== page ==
Janis Tupesis, the Global Health Institute’s graduate medical education liaison, received the 2018 Presidential Lifetime Achievement Award from Global Emergency Medicine Academy (GEMA) of the Society for Academic Emergency Medicine (SAEM).
The award is GEMA’s highest honor, given to an “individual whose work serves as a beacon for future emergency physicians and who has put the needs of patients over self.”
“I have been lucky enough to be at the intersection of education, administration and global health practice,” Tupesis says. “It means a lot to have had the ability to help move the agenda of emergency care forward in a global setting and to focus on how education plays a role in health systems development.”
GEMA presents the award annually to an individual who has improved the delivery of emergent/acute care the world-over through service, leadership, mentorship and academic endeavor. To be eligible for the award the individual needs to be an active SAEM member, GEMA member and have 10 years or more of global health experience.
Tupesis, an emergency physician and former UW-Madison Emergency Medicine residency director at the UW-Madison School of Medicine and Public Health, completed his residency training at the University of Chicago Hospitals and Clinics and received his medical degree from UW-Madison.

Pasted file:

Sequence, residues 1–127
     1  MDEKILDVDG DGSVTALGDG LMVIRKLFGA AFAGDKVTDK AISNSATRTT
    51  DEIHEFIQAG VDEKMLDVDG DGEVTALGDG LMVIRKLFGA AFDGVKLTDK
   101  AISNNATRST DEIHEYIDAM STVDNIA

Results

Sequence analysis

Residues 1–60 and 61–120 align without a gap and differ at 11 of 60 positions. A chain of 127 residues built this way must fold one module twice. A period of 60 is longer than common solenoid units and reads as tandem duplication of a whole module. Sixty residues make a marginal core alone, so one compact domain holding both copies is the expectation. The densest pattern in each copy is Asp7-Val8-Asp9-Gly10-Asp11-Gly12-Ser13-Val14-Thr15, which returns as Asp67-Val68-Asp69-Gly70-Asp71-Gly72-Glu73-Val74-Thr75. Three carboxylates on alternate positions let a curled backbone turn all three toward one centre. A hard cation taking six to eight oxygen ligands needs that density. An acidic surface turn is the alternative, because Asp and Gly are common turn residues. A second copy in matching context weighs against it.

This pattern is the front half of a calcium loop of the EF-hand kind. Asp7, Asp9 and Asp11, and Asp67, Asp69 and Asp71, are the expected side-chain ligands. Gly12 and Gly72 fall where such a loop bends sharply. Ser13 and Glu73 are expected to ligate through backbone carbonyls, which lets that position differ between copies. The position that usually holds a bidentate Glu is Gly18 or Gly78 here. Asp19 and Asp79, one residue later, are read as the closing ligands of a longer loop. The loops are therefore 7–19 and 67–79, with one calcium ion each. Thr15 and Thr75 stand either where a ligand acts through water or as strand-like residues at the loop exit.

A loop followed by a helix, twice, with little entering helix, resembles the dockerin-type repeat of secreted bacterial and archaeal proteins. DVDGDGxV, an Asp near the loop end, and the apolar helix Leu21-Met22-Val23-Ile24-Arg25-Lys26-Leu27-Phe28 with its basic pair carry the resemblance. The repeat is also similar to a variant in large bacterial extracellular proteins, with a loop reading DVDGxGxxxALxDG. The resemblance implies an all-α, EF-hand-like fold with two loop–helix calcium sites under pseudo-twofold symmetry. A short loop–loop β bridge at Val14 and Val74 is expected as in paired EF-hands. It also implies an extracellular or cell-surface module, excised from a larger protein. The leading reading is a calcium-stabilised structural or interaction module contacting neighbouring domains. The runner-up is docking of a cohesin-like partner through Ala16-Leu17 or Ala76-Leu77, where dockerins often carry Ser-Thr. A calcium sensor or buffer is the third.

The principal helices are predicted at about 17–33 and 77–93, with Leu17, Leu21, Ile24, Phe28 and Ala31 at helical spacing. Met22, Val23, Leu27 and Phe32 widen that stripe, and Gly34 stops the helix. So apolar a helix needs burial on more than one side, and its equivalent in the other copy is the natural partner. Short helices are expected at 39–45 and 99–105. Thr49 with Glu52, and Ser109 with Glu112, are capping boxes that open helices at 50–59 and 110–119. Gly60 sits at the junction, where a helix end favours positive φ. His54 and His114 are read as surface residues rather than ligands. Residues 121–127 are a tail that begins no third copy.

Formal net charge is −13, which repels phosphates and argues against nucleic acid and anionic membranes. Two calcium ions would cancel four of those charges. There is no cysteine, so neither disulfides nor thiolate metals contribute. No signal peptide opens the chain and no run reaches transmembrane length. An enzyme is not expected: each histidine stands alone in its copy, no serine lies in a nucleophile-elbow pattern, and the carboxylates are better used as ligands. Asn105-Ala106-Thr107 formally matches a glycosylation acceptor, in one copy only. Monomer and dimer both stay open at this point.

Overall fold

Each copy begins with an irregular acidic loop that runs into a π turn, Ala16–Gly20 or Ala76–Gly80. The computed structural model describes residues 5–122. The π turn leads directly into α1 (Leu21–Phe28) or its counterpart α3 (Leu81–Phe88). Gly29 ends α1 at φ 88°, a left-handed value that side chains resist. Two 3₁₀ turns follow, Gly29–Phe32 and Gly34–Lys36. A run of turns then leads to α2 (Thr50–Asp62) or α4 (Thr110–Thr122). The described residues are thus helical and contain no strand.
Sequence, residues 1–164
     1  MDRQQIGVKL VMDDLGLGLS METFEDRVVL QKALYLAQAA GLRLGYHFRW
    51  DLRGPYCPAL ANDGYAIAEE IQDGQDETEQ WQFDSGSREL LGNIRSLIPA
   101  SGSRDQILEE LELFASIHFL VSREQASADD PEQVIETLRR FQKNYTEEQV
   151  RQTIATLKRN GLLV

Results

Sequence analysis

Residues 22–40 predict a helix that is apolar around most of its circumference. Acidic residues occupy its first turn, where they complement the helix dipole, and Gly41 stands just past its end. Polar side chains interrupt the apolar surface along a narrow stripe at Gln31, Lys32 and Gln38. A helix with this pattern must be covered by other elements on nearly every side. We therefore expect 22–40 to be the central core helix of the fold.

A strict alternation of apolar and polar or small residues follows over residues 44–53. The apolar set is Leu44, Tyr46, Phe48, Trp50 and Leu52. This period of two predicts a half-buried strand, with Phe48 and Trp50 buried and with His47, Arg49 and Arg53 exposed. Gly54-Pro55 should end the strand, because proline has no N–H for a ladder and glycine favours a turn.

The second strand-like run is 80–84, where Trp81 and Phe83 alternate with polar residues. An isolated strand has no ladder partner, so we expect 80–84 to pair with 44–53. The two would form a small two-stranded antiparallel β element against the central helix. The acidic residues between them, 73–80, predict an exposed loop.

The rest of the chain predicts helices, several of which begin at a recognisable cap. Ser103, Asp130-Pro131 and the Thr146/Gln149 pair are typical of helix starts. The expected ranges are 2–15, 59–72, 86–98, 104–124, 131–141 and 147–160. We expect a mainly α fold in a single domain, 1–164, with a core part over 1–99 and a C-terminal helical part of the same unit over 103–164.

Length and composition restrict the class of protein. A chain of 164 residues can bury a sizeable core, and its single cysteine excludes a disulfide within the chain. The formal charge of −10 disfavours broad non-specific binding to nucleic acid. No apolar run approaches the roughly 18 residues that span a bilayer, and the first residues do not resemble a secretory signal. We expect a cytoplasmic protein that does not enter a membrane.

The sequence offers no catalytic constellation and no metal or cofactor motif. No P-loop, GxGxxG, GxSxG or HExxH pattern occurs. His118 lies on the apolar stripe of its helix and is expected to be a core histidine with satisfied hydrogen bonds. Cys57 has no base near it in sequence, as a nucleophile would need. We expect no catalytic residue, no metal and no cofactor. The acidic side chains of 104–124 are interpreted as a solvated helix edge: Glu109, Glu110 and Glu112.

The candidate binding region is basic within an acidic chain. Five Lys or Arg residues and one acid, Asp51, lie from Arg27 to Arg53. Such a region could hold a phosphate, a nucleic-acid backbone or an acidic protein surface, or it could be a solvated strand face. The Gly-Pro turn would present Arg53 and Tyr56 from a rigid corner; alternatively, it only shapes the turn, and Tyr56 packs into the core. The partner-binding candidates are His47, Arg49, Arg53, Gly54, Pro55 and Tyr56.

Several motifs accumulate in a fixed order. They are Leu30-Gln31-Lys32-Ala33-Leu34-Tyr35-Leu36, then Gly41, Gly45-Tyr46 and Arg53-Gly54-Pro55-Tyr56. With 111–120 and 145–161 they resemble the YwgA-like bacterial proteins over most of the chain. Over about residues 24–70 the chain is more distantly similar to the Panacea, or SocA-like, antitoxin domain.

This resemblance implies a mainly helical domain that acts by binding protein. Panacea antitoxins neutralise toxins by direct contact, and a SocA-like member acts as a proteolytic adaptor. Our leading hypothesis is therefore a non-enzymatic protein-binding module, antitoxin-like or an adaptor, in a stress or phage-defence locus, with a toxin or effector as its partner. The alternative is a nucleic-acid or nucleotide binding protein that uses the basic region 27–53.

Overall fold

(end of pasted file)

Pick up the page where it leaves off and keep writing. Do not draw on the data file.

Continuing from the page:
Tupesis also works as a volunteer technical consultant at the World Health Organization’s Emergency, Trauma and Acute Care program and serves as the chairperson of the Graduate Medical Education Global Health committee at the UW-Madison Hospitals and Clinics.
During his career, Tupesis says he has focused on bilateral collaboration and partnerships, which he have led to the development of education training programs, curricula and international partnerships.
Currently, Tupesis is working to further develop graduate medical education programs in Liberia, Ethiopia and South Africa that integrate global health into their training. Tupesis emphasizes the significance of completing a residency rotation abroad and the different perspective it gives students.
To help medical students safely and effectively participate in international rotations, Tupesis helped develop “The Practitioner’s Guide to Global Health,” an online, open-access course. The three-part course gives students resources and information about what they should expect from a global health rotation, how to properly prepare for the trip and tools to prepare for their return.
Tupesis has also worked on projects focusing on the intersection of education, health systems and technology, such as creating an app designed to give doctors critical information when they need it. Thanks to a 2015 GHI Seed Grant, Tupesis and his colleagues in South Africa were able to develop the “Essential Medicine Guidance” app and introduce it in the Western Cape province in July 2016. After a month, emergency health care providers were using it regularly to access information such as what medicines are available and hospital’s clinical guidelines to manage specific conditions.